This raises the question of why the author chose to use the word "Tartarus." Should we interpret just like Hades, the common Greek translation of Sheol, or did the author purposely choose a different word to mean something different? Since the author doesn't explain their word choice, there is no way to be sure, but that doesn't stop commenters from asserting, often with utter confidence, why the author used this particular word. The debate is partially moot since most New Testament scholars now believe II Peter to be fraudulent, so it shouldn't be considered biblical canon.
The most popular word in the New Testament which is translated in English to "hell," is Gehenna. Gehenna is the Greek way of writing the Hebrew "gei-Hinnom," which means "Valley of Hinnom." The Valley of Hinnom is described as an actual valley in Jerusalem, although there are conflicting locations mentioned in antiquity so nobody can be sure where it was. According to multiple old testament books, human sacrifices were made to various gods in gei-Hinnom.
Using only the books found in most bibles, Gehenna would be viewed by Jews and early Christians as a wicked place of blasphemy, however, it would be a real tangible place, not a different realm of existence used for eternal punishment, as most Christians view Hell today. The only real description given about Gehenna, other than hints at its location, is that it is fiery. Gehenna doesn't take on aspects of punishment or the supernatural until the Mishnah in the Jewish Talmud which was written after most old testament books, but before the books of the New Testament. Because of this, the authors of the New Testament probably understood Gehenna as the later more mystical version.
There is a belief that this valley was a burning trash dump and burial ground for the poor, which accounts for the New Testament passages referring to Gehenna as being fiery, but this belief is not based on archeological or literary evidence, but rather an assertion made by Rabbi David Kimhi around 1200 CE. I think a better explanation is that Hebrews understood that sacrifices involve fire and burning, so a location where many sacrifices took place would thereby involve a lot of fire.
Interestingly, none of the writings attributed to John or Paul, the two most prominent New Testament authors, ever use any of these four words for Hell. They do describe an afterlife, but it's always with vague words like "darkness," "torment," and "condemnation," never anything that could rightly be translated to an actual location. Revelation probably gives the most explicit description of the modern Christian view of Hell, but also never once names the place or places it's describing.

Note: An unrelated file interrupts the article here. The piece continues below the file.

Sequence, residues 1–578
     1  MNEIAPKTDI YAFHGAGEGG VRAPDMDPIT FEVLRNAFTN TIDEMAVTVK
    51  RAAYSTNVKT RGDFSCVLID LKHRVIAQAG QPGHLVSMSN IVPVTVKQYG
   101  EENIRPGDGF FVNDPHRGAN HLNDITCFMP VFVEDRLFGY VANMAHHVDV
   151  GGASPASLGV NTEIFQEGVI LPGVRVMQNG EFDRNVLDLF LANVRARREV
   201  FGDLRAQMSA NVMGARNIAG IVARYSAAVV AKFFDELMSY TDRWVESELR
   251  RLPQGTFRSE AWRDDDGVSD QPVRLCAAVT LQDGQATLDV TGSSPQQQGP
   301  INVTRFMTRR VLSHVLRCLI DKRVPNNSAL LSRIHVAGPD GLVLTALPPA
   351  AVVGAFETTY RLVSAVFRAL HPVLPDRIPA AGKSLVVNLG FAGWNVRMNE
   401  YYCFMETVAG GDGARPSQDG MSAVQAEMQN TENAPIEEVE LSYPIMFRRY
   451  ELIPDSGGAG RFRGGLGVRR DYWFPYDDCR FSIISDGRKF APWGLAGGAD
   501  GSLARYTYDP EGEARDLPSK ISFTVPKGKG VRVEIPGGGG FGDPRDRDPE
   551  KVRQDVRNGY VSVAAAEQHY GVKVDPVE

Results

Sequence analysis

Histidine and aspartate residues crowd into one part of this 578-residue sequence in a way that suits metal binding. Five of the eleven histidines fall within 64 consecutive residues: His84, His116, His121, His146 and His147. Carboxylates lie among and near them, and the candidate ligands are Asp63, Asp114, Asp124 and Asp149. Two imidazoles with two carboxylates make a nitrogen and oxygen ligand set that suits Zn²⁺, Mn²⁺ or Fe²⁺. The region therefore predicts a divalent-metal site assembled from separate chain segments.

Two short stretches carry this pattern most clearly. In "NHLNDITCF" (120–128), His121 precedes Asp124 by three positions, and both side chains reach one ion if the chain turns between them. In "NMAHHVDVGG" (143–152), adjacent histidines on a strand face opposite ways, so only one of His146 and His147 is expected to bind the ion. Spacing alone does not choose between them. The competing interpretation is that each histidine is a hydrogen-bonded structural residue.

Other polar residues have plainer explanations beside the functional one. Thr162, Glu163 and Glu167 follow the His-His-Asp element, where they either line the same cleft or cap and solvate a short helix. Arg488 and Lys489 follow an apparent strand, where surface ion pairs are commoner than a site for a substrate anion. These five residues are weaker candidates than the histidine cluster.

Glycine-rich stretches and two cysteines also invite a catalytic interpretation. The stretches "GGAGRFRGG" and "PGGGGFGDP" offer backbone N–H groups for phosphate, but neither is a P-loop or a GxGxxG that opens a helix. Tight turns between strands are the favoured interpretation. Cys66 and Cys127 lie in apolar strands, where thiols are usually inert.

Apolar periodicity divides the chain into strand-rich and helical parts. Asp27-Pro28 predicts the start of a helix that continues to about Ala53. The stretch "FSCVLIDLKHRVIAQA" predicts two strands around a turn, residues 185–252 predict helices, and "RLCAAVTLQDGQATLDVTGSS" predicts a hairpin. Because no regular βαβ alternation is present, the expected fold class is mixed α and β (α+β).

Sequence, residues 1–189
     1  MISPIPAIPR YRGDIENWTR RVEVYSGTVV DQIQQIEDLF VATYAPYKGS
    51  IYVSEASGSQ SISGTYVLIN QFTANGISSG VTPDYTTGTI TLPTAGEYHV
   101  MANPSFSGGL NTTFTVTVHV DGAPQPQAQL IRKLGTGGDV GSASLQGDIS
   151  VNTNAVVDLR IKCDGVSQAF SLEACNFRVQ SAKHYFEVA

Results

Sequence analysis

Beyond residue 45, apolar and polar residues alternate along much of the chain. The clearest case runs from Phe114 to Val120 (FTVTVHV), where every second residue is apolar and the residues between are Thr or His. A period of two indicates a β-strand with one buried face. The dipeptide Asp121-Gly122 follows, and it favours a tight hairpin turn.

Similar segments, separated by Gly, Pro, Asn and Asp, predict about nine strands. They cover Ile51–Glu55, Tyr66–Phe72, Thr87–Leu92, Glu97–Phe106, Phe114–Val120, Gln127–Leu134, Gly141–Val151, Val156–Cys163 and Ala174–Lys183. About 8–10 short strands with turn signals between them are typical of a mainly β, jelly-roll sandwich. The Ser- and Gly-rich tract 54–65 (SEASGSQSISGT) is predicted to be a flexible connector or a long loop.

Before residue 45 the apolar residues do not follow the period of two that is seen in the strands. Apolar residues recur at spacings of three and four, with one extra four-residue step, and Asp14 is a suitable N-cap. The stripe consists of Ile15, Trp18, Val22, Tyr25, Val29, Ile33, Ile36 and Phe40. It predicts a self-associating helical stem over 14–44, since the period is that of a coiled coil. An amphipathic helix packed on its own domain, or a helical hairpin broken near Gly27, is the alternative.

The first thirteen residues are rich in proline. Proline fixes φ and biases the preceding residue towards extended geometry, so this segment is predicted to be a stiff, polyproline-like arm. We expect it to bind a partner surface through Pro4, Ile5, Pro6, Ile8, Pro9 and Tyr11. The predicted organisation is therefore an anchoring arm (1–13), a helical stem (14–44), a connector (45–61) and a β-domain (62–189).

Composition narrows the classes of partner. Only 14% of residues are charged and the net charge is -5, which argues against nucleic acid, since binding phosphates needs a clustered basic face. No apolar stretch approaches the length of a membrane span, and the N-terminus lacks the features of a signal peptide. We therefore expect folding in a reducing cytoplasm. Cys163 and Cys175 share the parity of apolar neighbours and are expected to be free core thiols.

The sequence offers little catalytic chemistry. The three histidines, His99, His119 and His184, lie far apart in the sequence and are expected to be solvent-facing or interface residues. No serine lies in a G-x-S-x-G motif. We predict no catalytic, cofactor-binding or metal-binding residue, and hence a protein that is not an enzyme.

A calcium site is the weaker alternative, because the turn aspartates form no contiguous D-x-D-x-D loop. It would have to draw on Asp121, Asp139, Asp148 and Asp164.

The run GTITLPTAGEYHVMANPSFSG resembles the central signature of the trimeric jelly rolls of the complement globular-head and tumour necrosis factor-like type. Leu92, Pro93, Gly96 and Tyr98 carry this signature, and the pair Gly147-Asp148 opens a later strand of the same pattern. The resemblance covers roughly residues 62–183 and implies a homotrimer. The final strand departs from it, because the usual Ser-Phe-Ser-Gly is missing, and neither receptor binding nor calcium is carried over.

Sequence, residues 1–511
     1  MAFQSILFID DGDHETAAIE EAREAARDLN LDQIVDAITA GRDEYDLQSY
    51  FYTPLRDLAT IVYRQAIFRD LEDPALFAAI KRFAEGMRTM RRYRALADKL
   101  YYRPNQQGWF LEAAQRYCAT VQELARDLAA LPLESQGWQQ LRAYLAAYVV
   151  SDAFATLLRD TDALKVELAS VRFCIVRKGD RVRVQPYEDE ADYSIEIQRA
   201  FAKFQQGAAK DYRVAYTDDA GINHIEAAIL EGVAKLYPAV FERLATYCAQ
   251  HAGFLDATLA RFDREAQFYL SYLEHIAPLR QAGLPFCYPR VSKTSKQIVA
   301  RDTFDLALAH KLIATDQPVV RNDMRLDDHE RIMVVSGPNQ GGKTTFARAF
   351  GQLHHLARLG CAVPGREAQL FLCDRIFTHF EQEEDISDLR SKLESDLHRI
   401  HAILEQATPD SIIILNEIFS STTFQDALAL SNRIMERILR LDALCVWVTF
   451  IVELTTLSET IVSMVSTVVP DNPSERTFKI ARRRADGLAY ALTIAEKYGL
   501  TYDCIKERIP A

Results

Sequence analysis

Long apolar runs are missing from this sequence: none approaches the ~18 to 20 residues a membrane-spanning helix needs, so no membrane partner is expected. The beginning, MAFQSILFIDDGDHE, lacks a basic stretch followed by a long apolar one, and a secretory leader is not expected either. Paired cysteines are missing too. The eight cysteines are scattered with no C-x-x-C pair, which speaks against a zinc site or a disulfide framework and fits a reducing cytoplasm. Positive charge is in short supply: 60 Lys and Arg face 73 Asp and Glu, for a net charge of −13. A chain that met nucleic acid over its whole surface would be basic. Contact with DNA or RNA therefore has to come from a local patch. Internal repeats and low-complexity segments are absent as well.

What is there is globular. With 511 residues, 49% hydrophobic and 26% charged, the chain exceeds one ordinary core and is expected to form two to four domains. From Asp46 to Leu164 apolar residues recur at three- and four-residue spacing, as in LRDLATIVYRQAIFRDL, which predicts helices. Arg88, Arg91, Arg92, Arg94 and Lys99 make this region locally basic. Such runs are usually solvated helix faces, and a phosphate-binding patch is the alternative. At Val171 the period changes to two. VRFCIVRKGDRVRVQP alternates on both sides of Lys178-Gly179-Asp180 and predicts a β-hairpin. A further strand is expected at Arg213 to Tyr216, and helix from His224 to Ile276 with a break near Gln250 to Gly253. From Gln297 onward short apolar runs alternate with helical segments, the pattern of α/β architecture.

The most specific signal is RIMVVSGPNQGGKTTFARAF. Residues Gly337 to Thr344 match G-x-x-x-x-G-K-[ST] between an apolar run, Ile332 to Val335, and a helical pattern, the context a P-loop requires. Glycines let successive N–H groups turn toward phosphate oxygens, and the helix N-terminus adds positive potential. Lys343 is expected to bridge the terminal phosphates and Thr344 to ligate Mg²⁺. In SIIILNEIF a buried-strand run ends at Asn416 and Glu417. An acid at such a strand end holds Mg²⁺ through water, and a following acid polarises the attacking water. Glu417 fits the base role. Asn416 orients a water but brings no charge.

When Christians think of the modern Christian view of Hell, they usually think of a fiery cavern filled with sinners being tortured forever by cloven-footed demons in manners befitting the sins they committed while alive, all controlled by the fallen-angel, Satan. Very little in the bible describes such imagery. Nearly everything the Christians believe about hell comes from poets, artists, authors, and theologians, most of whom lived over a thousand years after the New Testament was written.
So, why didn't the original authors ever use the word "hell?" Because the word "hell" didn't exist when the New Testament was written. The first usage of the word "hell" came about around 725 CE and is Germanic in origin, not Hebrew, Greek, or Aramaic. Also, like Hades before it, "Hell" has its own non-Christian cultural history. The Old Germanic people of Europe believed in a goddess named Hel who reigns over a realm often named after her. However, unlike the fiery Gehenna or the shadowy Hades, Hel is misty and cold.
But, just like all the aforementioned underworlds, the Germanic concept of Hell also evolved and adopted concepts of the dominant religion. By the late-1300s, when the New Testament was first being translated into Middle English, John Wycliffe probably believed "hell" accurately described Hades, Tartarus, and Gehenna, because he translated all of them to "hell." William Tyndale, who translated the bible into modern English, followed Wycliffe's approach and so did the translators of the KJV who mostly copied directly from Tyndale.
Religious concepts, just like any other aspect of culture, never stop evolving. Even if the ancient Hebrews and early Christians had used the word "hell," the concept behind it, what comes to mind when the word is uttered, would still be different today, and those Christians hundreds of years from now will certainly view it differently as well, and, maybe someday, people will finally realize they don't need a word for it at all.